This isn’t a fad, and nor can your brand be seen as jumping on a fad. Be distinct in your messaging to stand out from competitors. Maybe that’s supporting a local charity associated with your cause. Or using user-generated content from the exact audience you’re trying to lift up. If you’re going to align with a cause, in this case supporting diversity and black businesses, you must ensure it authentically aligns with your brand/company’s values.
In 2019, Gillette developed a commercial aimed at starting a social movement. Gillette, a brand that has been a part of ‘manhood’ for decades, launched an ad focused on toxic masculinity – it received mixed reviews. Some critics said it generalized all men as violent misogynists while others celebrated the men showing empathy and compassion. Gillette responded to the mixed reviews, “We have a responsibility to influence culture and use our voice to champion positive male behaviours. We expected debate — discussion is necessary.” They also committed to donating $1 million over the next three years to charities aimed at supporting men, an action that further aligns with their brand values and mission. They put their money where they mouth was literally. In addition to being authentic, for a brand like Gillette, they were also brave.
3. Acknowledge your shortcomings.
It’s hard for brands to be perfect. Whether it’s acknowledging your political silence in the past, or the fact that you deleted posts after taking a stand, it’s hard to admit your silence or mistakes, but it’s important to take responsibility for them. Canadians are in the same boat. They feel powerless to make change, even with 61% expressing interest in supporting brands that promote positive social change. This means they can relate. So be honest, you’d be surprised at how forgiving consumers can be.
Besides, thanks to the internet, Gen Z can find the answers they’re looking for when it comes to a brand’s social position pretty quick. About 75% of Gen Z shoppers will do research to see if a brand is being honest when it comes to taking a stand on issues. So you might as well admit your mistakes before they do for you! The Kendall Jenner Pepsi commercial is an example of completely missing the mark. Pepsi removed the content and halted any further rollout due to the public shaming it received.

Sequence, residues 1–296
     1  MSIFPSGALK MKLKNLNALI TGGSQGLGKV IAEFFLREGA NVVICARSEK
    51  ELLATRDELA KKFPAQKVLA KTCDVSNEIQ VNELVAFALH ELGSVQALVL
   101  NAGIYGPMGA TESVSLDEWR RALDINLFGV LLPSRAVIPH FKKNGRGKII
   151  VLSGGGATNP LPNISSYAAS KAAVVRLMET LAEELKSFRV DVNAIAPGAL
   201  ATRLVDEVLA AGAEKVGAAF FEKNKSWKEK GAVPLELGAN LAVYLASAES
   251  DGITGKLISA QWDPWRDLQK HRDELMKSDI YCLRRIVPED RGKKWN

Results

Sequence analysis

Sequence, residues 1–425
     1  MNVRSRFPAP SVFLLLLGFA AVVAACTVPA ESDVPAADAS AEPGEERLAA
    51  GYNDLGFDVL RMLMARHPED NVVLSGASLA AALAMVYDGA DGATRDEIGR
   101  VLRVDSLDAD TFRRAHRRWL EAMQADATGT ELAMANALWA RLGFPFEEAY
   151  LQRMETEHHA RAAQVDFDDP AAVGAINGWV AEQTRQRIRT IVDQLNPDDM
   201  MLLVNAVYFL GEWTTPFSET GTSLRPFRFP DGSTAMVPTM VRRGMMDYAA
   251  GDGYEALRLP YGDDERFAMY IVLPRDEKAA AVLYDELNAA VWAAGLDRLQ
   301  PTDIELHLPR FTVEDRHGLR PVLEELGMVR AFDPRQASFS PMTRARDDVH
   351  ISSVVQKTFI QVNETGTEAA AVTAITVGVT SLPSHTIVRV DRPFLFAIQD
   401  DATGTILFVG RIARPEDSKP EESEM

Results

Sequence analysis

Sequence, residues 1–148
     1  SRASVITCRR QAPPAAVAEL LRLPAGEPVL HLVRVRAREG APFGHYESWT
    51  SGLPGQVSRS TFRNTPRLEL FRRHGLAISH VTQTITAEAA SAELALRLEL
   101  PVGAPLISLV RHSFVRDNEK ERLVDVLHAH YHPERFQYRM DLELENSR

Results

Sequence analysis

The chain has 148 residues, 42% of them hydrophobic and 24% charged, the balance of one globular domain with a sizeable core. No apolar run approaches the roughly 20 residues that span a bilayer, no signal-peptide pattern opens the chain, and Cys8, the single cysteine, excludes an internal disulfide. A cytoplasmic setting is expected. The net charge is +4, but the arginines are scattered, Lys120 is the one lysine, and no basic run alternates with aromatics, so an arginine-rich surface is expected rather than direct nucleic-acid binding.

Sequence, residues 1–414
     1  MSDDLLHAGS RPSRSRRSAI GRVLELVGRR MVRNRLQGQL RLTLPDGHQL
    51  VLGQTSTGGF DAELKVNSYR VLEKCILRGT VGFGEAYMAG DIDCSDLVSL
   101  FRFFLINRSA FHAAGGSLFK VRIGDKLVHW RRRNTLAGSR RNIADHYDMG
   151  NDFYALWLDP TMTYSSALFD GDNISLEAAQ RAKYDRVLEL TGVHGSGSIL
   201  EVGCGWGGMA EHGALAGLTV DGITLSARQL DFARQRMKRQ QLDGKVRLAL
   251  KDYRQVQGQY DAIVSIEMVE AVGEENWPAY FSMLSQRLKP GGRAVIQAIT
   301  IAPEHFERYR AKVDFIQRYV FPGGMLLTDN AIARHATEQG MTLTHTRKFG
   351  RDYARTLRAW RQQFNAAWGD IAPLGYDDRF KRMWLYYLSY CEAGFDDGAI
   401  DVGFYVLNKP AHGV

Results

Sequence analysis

By aiming to be better brands, consumers will take notice. After the events at Capitol Hill on January 9, 2021, many brands made a statement that acknowledged the horror and disgrace of democracy on display. This created exposure for the brands while also promoting good. It was relevant content that showed consumers they have a side to take. And the brands that made the most sincere, authentic, and least opportunistic statements, received the most positive engagement.
4. Keep the momentum.
Once you’ve taken a side or a stance, and you have marketing in place to support your decision, you have to keep the momentum going. So post another cause-worthy piece of content in a couple weeks. Or if you’re donating money to the cause, let your fans on social know about the progress you’ve made. Consumers will be engaged in the movement. In fact, in a study from Weber Shandwick and KRC Research, 83% of people interviewed said it is more important than ever to support companies that do the right thing, terming it “BUYcotting.”
Which is why it can’t be a 1-off thing. By being consistent and authentic in your postings, you will build brand trust and loyalty. This is the new currency in marketing and if consumers see you doing social good, it will make them feel good purchasing from you.
At the end of the day, how does your brand make a difference? How does your brand determine its net-worth beyond the financials? As a marketer and leader, answer these questions honestly and try and find ways to authentically connect your brand to social good. The pandemic has motivated us to reflect and reimagine our purpose. And we as marketers have written a lot of narratives in the past, it’s time to write the ones that matter. Get brand activism in your DNA and you’ll find even more meaningful ways to reach your audience , through their hearts and minds, and ultimately, their wallets.